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Astron. Astrophys. 327, 90-106 (1997)

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NGP A stars - density variation, kinematics
and the total mass density of the disk

J. Knude

Niels Bohr Institute for Astronomy, Geophysics and Physics, Juliane Maries Vej 32, DK-2100 Kobenhavn O, Danmark (indus@astro.ku.dk)

Received 23 August 1996 / Accepted 26 May 1997


From an uvby [FORMULA] photometric survey of the north galactic pole where most A stars (A3 - A9) above b = 70o and brighter than B = 11.5 were included we report the observed number density and age variation with z(pc). Stars between [FORMULA] 30 and 1300 pc are included.

Our sample consists of 396 sharply defined main sequence/subgiant A stars following the Strömgren - Crawford definition, no B, imA or F type stars are included, approximate color limits are 0.055 - 0.220 in (b-y)0. Proper motions from the PPM and CAMC catalogs are available for all stars implying U and V velocities. Radial velocities for a subsample (179 stars with b [FORMULA] 75 [FORMULA] and z [FORMULA] 450 pc) are available from the literature. From a luminosity point of view the sample is volume complete within [FORMULA] 450 pc.

For a fit to the observed density variation the choice of function is not obvious and it seems that these A stars may not be fitted by a single law but requires at least two and more likely up to four components. Assuming exponential density variation two groups of stars seem present with scale heights around 65 and 165 pc respectively. The latter may be an underestimate due to volume incompleteness for the coolest unevolved A stars beyond 450 pc. The exponentials approximating the number density has a relative normalization 1.00: 0.03 for z = 0 pc. With these two components only the first of Perry's (1969) h = 40 and h = 600 pc groups seem represented in our volume complete sample. Adopting instead a gaussian variation the data may indicate three components with scale heights 45, 75 and 155 pc and relative normalization 1.0:0.5:0.2, respectively. Finally a set of four sech2 ([FORMULA])s with scale heights 55, 85, 165 and 420 pc and relative normalizations 1.00:0.47:0.18:0.005 for z = 0 seem to fit the number density data well. This combination is based on independent 75 pc bins. A sech2 variation is perhaps the most obvious choice being the expected variation for an isothermal and selfgravitating disk.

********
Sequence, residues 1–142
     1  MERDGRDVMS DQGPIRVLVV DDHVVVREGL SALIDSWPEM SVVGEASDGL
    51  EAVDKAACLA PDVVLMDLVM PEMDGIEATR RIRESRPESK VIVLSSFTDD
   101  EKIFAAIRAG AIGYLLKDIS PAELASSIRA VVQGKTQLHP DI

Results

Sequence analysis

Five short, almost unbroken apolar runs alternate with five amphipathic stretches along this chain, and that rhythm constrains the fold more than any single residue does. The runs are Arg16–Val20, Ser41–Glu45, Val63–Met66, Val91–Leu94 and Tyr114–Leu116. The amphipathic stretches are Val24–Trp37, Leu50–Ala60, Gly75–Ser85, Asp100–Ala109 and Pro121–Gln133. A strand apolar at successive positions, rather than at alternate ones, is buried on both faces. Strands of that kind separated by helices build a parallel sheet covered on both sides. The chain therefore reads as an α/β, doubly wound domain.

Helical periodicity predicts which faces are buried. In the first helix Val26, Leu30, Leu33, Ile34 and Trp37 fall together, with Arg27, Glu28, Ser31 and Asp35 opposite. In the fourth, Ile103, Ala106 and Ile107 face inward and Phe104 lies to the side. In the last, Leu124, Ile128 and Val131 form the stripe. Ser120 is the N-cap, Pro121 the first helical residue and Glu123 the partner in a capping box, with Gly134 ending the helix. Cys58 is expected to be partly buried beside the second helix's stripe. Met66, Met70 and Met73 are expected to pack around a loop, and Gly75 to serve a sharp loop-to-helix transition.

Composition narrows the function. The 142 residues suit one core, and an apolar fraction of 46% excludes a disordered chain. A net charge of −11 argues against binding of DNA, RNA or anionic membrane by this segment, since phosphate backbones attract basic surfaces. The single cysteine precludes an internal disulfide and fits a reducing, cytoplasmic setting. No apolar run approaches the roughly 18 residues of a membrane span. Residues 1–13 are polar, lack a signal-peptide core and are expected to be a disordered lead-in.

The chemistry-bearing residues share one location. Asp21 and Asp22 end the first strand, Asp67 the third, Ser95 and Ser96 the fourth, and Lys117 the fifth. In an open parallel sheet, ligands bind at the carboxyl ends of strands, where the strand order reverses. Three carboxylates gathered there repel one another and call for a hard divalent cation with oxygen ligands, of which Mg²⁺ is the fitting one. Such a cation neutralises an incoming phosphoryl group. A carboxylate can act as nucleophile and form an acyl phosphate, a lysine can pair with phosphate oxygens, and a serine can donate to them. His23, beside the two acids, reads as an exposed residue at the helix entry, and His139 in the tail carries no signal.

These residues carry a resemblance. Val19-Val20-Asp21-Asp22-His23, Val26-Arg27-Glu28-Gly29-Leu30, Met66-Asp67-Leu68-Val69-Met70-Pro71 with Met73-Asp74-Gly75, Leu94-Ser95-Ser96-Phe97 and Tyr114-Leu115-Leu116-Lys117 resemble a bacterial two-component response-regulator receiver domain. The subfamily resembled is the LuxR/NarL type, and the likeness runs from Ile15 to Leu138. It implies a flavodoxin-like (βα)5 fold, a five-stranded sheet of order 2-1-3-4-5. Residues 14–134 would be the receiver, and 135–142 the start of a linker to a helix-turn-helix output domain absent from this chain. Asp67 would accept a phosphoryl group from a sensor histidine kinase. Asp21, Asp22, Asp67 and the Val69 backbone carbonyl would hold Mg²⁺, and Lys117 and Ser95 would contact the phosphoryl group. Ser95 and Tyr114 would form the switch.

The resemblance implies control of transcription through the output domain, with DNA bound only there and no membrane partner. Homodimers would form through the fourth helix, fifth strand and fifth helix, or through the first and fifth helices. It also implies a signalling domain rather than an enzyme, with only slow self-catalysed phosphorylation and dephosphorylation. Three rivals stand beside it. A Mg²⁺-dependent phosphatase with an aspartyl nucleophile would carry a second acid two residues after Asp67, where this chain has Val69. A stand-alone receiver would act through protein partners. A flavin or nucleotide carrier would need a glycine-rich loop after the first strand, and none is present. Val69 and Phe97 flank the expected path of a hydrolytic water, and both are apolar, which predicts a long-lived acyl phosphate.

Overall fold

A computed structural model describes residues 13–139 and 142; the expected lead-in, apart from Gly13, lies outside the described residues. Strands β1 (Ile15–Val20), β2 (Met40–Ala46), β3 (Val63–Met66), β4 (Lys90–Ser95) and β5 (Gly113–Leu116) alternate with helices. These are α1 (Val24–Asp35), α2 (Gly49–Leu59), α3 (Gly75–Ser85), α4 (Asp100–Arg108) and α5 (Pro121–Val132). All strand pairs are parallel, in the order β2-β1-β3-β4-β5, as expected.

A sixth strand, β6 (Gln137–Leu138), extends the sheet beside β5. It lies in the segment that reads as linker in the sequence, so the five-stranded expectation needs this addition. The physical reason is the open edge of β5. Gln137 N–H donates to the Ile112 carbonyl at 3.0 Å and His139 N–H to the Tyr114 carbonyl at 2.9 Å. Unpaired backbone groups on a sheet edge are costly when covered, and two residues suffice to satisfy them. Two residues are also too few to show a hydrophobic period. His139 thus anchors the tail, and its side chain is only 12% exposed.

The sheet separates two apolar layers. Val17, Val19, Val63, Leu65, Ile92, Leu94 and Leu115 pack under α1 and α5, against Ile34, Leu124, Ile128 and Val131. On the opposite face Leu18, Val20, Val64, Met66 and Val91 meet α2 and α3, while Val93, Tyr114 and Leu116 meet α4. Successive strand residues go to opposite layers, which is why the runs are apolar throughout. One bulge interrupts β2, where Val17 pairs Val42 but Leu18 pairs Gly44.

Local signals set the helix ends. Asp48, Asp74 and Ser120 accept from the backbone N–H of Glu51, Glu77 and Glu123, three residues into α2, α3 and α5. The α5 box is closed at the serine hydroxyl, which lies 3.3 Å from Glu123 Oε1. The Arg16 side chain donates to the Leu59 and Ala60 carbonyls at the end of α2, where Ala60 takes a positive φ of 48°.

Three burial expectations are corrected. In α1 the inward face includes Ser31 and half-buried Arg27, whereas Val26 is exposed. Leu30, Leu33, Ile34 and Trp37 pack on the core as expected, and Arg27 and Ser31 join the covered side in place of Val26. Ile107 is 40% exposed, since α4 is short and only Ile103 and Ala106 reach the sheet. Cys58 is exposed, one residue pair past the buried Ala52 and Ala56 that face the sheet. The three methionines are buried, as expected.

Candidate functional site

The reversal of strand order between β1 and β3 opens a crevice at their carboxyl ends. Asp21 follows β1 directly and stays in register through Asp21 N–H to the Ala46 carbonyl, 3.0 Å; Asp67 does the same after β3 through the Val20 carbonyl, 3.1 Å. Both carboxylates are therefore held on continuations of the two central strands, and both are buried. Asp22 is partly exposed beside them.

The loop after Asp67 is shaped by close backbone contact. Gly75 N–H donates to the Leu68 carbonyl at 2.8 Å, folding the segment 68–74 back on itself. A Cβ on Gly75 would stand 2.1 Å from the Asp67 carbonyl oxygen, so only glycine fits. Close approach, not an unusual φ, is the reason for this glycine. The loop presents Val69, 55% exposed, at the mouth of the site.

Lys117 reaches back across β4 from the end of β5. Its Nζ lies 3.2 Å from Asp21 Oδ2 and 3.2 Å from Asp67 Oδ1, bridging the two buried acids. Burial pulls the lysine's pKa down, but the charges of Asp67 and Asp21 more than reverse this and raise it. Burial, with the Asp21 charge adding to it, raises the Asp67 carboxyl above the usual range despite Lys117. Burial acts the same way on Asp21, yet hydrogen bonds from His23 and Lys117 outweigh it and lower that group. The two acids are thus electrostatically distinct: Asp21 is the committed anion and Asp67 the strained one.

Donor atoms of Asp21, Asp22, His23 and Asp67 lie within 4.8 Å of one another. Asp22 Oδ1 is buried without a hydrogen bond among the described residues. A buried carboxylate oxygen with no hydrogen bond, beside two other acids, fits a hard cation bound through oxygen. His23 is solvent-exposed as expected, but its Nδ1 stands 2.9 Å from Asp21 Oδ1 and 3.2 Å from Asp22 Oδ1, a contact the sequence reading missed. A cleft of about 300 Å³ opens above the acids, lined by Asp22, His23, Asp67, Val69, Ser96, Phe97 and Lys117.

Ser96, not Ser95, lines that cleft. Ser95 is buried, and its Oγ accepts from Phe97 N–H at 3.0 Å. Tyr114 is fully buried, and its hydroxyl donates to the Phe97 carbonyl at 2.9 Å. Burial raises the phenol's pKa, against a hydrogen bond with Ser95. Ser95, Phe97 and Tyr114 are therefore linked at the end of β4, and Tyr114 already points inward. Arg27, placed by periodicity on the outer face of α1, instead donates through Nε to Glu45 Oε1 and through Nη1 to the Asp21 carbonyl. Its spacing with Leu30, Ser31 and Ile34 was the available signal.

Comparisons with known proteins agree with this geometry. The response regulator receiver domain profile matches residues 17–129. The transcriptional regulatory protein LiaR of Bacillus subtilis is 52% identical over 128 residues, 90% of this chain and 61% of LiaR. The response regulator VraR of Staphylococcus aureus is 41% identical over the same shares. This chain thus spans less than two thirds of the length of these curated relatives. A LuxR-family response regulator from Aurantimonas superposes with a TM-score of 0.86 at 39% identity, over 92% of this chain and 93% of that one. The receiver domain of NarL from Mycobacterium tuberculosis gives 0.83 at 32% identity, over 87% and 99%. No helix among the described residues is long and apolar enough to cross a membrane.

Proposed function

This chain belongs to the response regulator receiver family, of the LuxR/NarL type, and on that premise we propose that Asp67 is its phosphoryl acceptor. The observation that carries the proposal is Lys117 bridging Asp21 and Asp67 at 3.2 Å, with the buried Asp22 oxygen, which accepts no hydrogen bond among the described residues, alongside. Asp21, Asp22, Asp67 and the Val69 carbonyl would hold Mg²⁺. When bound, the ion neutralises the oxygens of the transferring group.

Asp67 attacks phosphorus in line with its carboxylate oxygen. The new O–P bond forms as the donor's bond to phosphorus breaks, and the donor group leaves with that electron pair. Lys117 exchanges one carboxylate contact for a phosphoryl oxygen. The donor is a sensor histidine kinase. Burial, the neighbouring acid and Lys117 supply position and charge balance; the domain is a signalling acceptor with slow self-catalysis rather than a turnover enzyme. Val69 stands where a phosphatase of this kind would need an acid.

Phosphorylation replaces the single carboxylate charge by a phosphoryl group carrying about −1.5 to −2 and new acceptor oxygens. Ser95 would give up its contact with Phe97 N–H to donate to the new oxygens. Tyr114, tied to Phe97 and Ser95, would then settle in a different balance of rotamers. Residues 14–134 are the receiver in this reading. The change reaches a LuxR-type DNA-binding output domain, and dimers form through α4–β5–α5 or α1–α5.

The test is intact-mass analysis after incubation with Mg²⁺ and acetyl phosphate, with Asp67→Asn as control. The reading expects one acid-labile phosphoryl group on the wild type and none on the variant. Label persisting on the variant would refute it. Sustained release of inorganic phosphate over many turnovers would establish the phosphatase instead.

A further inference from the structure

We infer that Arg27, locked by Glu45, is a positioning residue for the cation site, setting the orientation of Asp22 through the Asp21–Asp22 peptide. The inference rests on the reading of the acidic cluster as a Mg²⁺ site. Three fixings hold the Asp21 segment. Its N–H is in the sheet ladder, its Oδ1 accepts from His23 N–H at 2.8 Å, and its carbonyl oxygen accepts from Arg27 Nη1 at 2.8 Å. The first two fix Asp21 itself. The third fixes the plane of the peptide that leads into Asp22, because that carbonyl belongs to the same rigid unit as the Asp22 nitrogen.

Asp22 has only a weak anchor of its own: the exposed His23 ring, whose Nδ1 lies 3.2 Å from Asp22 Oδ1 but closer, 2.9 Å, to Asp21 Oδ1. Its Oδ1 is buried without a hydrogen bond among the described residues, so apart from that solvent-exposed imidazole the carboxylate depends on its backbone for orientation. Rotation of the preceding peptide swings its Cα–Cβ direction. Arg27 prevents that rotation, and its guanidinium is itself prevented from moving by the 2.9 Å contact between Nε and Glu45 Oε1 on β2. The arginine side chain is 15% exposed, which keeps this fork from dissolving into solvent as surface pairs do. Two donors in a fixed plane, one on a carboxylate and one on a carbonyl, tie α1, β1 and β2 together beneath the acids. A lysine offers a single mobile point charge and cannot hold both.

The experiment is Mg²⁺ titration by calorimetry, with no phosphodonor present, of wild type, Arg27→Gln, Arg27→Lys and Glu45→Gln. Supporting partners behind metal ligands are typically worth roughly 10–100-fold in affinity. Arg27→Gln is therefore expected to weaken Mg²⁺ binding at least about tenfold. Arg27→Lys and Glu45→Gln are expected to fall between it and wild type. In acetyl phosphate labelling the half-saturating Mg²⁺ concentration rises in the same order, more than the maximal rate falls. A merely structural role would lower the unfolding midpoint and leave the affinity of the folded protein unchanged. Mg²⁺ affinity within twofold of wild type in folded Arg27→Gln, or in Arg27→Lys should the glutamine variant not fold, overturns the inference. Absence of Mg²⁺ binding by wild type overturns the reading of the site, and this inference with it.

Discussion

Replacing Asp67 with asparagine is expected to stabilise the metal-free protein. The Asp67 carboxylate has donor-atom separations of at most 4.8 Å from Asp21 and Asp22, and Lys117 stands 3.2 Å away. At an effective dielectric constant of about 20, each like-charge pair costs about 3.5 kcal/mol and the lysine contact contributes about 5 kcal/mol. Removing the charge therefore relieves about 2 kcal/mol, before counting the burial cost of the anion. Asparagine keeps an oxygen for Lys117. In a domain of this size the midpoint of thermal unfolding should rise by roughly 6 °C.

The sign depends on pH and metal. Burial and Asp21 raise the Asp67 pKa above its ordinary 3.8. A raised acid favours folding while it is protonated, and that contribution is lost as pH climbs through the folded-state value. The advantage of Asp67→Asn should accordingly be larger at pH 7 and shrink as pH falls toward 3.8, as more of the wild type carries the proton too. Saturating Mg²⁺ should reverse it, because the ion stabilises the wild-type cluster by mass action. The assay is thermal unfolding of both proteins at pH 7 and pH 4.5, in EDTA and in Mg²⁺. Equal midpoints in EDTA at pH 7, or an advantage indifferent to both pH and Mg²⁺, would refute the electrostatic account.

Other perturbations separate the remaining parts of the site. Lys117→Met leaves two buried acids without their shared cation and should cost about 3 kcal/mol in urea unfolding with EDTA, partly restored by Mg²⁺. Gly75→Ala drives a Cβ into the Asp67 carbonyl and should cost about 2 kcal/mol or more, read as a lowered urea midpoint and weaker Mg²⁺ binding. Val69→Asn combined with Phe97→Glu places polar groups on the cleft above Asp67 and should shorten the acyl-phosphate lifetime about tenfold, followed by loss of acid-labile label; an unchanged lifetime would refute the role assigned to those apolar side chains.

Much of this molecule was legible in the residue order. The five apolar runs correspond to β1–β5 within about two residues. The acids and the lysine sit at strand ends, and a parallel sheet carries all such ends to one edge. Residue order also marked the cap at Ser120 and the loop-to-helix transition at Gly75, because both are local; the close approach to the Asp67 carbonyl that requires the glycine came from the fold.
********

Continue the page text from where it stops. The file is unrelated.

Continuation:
With a 100 pc running binning there are indications that the stars older than the sample median 0.75 Gyr require a component with a scale height 680 pc. It may also be present in the young sample, ages less than 0.75 Gyr, but only beyond [FORMULA] 400 pc. What perhaps is more surprising is the formal presence of groups of stars diplaying a density maximum at z = 200 - 250 pc, present for both age groups, and most interestingly the angular momentum also displays irregularities at the same z distances. The hump is not proposed to represent a physical entity but something like it is required for fitting the observations better than 10 [FORMULA]. A consequence of the hump is that derivatives of the distribution display large variations. There seems to be significant differences between this distribution and the sum of four sech2 s from the previous paragraph.

W and U dispersions seem to have a constant ratio within the z range where we have both kinds of data. [FORMULA] shows a homogeneous increase from [FORMULA] 20 to 45 km s-1 within the completeness limit, with a 75 pc independent binning, and to [FORMULA] 70 km s-1 at 800 pc. The complete U histogram may not be fitted with a single gaussian, three with different dispersions and mean values provide a reasonable fit. A more detailed binning shows [FORMULA] / [FORMULA] z to change in a discontinous way at [FORMULA] 200 pc.

An application of the data might be a combination of the density and velocity data for a determination of the local, total disk density. But since velocity dispersions do obey some sort of age depence the age - z variation turns out to be of importance and there is a very clear systematic trend of mean ages with z. The average age increases almost linearly to [FORMULA] 0.75 Gyr, reached at 200 pc, and then it stays constant within the completeness limit. On the average the younger A stars show a relative absence beyond 200 pc implying that very different velocity dispersions might be seen on either side of 200 pc.

The curve fitted to the density data permits a study of its derivatives. Adopting a linear approximation to [FORMULA] 's z variation, instead of isothermallity, [FORMULA] Kz / [FORMULA] z's variation within [FORMULA] 150 pc indicates that the combined Poisson - Jeans equation may only return estimates of the local volume mass density that vary within a factor of two but the fit by four sech2 s turns out to be equivalent with a representation by two gaussians with scale heights 129 and 250 pc which implies that between 100 and 200 pc [FORMULA] = 0.12 [FORMULA] 0.04 [FORMULA] pc-3 whereas [FORMULA] Kz / [FORMULA] z from the same fit and a linear approximation to the [FORMULA] - z variation returns [FORMULA] (z [FORMULA] 0) [FORMULA] 0.05 [FORMULA] pc-3.

The age, density and kinematic inhomogeneities revealed in the sample compel us to the conclusion that the A stars do not trace the galactic potential in a simple way - probably because the age mixing varies with distance.

Key words: galaxy: kinematics and dynamics - solar neighbourhood - stellar content - structure

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© European Southern Observatory (ESO) 1997

Online publication: April 8, 1998